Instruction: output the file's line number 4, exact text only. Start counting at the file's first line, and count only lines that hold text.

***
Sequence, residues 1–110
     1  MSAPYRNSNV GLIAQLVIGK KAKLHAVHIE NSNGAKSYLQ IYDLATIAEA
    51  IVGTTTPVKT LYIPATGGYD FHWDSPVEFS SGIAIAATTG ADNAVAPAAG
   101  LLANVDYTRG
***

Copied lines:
   101  LLANVDYTRG